Events

Seminars:

Tuesday 4 April, 2.30 PM, SALA ENZO PACI (via Festa del Perdono, 7)

Carlo Martini (TINT, Helsinki): 'Trust and objectivity in think tank research'

Philosophers have discussed extensively about objectivity of scientific research, and some have even suggested there might be too much discussion about objectivity, and too little about the substantial question regarding scientific research, i.e. can we trust scientists? Can we trust scientific methods? In this paper we focus on trusting scientists, and, while incidentally we will have to discuss some of the accounts of scientific objectivity that have been put forth in the literature, the substantial question will be “how can scientists be trusted?” The focus of this paper will not be on traditional academic research, but rather on think tank research. Currently, there are very few academic studies on think tanks and on think tank research, and in philosophy of science, the topic has been left mostly unexplored.

Studying think tank research is not only useful for philosophers interested in practical implications of science, but has a useful philosophical purpose as well: It is though the comparison of standards and norms in academic research and in think tank research that we can highlight some of the limitations of current accounts of scientific objectivity in the philosophy of science literature.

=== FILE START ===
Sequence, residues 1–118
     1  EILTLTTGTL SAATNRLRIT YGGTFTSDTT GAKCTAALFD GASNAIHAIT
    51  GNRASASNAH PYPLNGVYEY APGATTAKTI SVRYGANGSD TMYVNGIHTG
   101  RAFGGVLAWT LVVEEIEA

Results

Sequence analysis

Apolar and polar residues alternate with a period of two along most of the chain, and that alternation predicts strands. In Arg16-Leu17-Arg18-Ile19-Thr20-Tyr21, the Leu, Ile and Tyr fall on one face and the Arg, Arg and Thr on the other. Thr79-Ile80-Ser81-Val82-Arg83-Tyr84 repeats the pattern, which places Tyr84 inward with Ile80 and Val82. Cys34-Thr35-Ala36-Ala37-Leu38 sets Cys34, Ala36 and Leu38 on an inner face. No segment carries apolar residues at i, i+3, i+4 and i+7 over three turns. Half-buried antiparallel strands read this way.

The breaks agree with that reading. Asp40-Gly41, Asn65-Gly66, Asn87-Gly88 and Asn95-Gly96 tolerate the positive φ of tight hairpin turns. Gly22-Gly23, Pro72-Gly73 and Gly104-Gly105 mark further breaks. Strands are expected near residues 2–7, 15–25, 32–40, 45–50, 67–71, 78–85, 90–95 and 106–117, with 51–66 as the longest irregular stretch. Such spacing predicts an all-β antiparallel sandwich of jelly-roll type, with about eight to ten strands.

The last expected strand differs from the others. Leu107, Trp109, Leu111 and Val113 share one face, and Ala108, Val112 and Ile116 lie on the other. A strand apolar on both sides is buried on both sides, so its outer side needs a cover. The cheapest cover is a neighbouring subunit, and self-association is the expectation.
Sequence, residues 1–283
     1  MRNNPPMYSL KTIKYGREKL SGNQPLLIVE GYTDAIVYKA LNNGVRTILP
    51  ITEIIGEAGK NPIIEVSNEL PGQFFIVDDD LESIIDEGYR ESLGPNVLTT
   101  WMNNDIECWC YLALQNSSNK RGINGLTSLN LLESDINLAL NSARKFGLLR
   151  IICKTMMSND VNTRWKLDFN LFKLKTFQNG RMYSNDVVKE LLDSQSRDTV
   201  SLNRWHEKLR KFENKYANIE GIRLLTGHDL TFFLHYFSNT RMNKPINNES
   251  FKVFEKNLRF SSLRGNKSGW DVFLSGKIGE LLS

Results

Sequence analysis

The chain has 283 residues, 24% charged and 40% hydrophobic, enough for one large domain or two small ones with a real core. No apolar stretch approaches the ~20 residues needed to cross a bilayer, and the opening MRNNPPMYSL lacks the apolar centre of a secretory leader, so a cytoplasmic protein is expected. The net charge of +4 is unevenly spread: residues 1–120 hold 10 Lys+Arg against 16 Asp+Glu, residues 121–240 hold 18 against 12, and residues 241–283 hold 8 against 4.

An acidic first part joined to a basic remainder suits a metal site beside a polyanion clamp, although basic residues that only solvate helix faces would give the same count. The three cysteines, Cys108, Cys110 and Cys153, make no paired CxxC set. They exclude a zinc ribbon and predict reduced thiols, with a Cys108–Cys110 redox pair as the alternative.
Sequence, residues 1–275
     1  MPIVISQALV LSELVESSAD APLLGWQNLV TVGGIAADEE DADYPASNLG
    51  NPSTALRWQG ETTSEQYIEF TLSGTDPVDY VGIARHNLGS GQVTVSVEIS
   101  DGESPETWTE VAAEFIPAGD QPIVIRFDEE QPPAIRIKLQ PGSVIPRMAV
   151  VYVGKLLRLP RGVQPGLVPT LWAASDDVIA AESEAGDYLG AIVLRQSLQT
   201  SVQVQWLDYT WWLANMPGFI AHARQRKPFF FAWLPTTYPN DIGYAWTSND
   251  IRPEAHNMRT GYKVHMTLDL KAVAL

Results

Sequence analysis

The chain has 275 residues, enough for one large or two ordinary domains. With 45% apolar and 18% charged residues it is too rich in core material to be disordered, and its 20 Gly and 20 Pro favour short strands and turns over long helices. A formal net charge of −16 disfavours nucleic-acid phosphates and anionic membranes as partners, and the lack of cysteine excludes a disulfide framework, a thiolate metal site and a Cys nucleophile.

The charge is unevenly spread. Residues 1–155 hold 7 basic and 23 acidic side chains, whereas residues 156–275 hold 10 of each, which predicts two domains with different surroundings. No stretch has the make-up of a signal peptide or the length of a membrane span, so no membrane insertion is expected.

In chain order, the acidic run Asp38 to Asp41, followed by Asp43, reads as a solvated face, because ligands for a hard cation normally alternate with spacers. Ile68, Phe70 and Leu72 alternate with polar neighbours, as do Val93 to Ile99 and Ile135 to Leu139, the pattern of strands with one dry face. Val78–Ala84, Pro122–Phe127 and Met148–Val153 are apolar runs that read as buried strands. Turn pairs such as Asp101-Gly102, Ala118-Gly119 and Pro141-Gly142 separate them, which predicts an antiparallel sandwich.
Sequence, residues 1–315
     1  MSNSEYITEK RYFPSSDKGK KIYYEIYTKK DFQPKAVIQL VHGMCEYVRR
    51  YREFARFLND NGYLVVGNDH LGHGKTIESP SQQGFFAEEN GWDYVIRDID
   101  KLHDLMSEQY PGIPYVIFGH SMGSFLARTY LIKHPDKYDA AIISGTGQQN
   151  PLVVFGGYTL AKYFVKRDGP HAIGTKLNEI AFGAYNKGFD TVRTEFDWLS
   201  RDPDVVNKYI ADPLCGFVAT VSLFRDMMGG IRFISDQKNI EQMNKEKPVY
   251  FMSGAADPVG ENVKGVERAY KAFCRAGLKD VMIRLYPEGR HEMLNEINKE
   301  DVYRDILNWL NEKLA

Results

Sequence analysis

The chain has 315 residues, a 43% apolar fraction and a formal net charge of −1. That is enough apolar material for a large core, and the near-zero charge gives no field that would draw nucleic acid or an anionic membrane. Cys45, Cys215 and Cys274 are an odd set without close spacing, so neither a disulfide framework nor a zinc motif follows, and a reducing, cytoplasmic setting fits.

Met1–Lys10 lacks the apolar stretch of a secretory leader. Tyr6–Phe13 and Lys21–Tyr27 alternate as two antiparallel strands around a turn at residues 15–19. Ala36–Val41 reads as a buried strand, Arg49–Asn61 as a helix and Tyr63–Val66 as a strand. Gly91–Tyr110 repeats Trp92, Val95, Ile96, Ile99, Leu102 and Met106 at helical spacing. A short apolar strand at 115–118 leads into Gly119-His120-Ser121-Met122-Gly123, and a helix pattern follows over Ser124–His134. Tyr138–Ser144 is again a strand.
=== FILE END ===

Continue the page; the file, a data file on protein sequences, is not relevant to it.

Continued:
With this paper we try to achieve two goals: (a) we contrast think tank research with academic research in order to probe current accounts of trust and objectivity in scientific research. We propose that scientific research can be trusted (and objective) when it has a “public face”. Secondly, (b) we provide an empirical assessment of think tank research in terms of the normative standards of trust which we put forth in the first sections of the paper: i.e., we ask the question whether think tank researchers have a “public face”.


Tuesday 16 May, 2.30 PM, Biblioteca di Politeia (via Festa del Perdono, 7)

Riccardo Viale (University of Milano-Bicocca): 'Embodied ecological rationality'

Ecological Rationality (introduced by the group of Gigerenzer, Hertwig, Todd  and colleagues at Max Planck Institute  for Human Development in Berlin) is the well known attempt to develop empirically the prescriptive side of bounded rationality model  in heuristic decision making under conditions of uncertainty. Contrary to the main stream of behavioral economics (whose main interest is the comparison of human decision making with normative rational models) its focus is on the structure of the environment and on the relative successful adaptive behaviour. Few neurocognitive studies have been realized to explain the neural mechanism of the adaptive  success of heuristic decision making. My hypothesis is that the Embodied Cognition approach and in particular the models of embodied perception and emotion might give some cues for understanding the intuitive features of  Recognition Based and One-Reason Based heuristics in particular the  Take-the-First and Take-the-Best heuristics.